Clarifying Google’s forest map
According to the project’s led developer, Matthew Hansen of the University of Maryland, the map represents a significant advancement toward understanding ecological changes that accompany changes in forest cover.
“This is the first map of forest change that is globally consistent and locally relevant,” said Hansen. “Losses or gains in forest cover shape many important aspects of an ecosystem including, climate regulation, carbon storage, biodiversity and water supplies, but until now there has not been a way to get detailed, accurate, satellite-based and readily available data on forest cover change from local to global scales.”
Forest loss in Peninsular Malaysia. Some of Malaysia’s forest loss included replanting of existing plantations — the current version of the map does not distinguish between natural forest cover and plantations.
Hansen adds the tool could be used to develop and implement policies to reduce deforestation.
“Brazil used Landsat data to document its deforestation trends, then used this information in its policy formulation and implementation,” said Hansen. “Now, with our global mapping of forest changes every nation has access to this kind of information, for their own country and the rest of the world.”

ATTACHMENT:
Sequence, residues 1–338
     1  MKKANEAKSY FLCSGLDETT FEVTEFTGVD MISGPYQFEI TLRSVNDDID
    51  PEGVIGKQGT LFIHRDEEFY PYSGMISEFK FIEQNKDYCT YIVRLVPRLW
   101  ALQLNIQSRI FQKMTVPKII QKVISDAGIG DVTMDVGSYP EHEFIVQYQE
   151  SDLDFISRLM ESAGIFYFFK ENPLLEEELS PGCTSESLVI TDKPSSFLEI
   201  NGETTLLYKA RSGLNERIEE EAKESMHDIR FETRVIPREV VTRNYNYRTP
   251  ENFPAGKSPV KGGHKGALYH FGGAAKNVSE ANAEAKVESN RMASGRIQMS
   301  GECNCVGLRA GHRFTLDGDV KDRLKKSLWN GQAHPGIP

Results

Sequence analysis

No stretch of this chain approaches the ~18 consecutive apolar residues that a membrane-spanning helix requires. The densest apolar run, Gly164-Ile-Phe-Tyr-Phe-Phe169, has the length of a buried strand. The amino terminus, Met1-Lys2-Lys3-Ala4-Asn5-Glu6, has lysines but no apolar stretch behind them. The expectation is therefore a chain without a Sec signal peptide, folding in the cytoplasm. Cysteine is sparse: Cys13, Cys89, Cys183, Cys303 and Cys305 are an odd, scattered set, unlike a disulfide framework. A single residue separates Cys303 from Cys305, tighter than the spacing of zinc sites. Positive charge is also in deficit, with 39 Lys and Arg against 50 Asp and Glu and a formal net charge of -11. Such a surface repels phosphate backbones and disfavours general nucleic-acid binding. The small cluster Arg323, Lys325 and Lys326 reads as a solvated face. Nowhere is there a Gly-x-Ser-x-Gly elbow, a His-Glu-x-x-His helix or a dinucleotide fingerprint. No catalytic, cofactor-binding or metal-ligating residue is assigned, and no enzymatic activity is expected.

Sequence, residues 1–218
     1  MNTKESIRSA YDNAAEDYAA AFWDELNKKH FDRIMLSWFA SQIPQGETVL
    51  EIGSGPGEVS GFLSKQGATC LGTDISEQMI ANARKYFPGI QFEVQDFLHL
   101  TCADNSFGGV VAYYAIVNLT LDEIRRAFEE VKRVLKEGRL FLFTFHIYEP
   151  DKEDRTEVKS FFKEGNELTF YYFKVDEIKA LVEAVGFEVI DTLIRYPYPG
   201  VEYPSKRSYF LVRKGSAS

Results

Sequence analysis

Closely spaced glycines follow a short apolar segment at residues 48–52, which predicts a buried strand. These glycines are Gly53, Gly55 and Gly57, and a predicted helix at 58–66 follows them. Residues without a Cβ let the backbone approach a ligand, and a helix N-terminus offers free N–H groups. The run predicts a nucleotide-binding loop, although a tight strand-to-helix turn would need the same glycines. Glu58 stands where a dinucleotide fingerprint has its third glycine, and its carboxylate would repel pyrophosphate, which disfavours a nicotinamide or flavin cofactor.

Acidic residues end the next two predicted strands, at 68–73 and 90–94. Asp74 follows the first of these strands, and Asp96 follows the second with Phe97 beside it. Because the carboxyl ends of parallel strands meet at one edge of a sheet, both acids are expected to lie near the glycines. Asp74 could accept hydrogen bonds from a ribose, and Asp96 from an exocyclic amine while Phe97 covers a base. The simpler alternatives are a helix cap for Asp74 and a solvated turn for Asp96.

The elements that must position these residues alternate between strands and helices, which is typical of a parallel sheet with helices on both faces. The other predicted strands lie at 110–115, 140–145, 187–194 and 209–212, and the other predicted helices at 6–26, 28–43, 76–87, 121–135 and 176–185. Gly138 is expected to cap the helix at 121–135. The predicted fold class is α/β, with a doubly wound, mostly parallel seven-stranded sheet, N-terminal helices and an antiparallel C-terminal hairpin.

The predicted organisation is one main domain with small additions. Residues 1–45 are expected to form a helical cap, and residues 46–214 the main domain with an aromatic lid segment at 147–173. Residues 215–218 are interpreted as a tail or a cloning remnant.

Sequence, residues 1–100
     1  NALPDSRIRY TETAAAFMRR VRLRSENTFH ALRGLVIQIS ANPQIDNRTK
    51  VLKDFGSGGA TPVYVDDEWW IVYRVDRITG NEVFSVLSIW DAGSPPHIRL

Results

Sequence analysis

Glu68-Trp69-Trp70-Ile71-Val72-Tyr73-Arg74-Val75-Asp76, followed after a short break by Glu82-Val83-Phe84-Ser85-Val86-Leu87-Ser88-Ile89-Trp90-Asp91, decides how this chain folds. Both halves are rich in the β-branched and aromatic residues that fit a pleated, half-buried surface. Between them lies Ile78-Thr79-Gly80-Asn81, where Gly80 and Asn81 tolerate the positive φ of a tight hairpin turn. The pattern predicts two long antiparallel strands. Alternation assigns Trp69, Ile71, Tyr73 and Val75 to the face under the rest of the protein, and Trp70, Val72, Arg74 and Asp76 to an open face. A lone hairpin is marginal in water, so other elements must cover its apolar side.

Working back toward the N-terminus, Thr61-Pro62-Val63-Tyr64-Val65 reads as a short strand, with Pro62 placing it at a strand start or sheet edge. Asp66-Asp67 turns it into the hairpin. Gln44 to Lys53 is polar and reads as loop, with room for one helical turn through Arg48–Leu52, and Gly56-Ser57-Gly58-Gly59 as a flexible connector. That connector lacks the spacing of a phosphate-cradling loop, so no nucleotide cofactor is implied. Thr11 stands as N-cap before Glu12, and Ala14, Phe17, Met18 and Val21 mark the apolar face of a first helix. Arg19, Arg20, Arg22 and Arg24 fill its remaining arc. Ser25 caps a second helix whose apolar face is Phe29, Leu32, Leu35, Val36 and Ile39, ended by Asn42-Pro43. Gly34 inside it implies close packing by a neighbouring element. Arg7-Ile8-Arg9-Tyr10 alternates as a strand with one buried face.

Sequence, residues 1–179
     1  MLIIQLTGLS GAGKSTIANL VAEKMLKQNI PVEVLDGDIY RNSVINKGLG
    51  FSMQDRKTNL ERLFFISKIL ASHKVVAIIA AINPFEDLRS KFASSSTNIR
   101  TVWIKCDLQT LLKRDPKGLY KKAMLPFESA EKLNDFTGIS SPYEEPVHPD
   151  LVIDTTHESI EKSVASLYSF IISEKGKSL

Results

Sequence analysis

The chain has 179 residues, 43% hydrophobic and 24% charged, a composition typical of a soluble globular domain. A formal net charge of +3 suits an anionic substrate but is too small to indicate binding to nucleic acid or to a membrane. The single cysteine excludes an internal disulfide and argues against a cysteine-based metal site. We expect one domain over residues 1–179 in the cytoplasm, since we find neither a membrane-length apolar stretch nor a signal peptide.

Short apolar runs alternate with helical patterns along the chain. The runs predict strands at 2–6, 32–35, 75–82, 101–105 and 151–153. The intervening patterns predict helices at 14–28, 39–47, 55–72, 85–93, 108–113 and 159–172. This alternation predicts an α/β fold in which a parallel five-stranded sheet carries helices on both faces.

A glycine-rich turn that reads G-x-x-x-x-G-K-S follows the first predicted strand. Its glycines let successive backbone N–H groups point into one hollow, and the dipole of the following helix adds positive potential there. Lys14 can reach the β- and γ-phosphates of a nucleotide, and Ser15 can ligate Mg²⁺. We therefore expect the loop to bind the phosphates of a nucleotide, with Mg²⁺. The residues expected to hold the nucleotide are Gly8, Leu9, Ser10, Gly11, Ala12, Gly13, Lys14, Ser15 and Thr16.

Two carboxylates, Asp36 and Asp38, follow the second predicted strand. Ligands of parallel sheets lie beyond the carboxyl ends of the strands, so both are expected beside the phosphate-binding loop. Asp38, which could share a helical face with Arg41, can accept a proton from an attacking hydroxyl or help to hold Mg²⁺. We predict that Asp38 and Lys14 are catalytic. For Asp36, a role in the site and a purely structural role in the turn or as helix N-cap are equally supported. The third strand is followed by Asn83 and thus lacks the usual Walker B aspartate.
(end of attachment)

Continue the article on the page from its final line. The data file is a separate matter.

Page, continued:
Whether Malaysia decides to use the information for that purpose remains to be seen.
(11/14/2013) Researchers today released a long-awaited tool that reveals the extent of forest cover loss and gain on a global scale. Powered by Google’s massive computing cloud, the interactive forest map establishes a new baseline for measuring deforestation and forest recovery across all of the world’s countries, biomes, and forest types. The map has far-reaching implications for efforts to slow deforestation, which accounts for roughly ten percent of greenhouse gas emissions produced by human activities, according to the authors of the paper that describes the tool and details its first findings.
(11/12/2013) Some 3.5 million hectares (8.7 million acres) of forest in Indonesia, Malaysia, and Papua New Guinea was converted for oil palm plantations between 1990 and 2010, finds a comprehensive set of assessments released by the Roundtable on Sustainable Palm Oil (RSPO). The research, conducted by an international team of scientists from a range of institutions, is presented in a series of seven academic papers that estimate change in land use and greenhouse gas emissions from oil palm expansion in the three countries, review the social and environmental impacts of palm oil production, forecast potential growth in the sector across the region, and detail methods for measuring emissions and carbon stocks of plantations establishing on peatlands.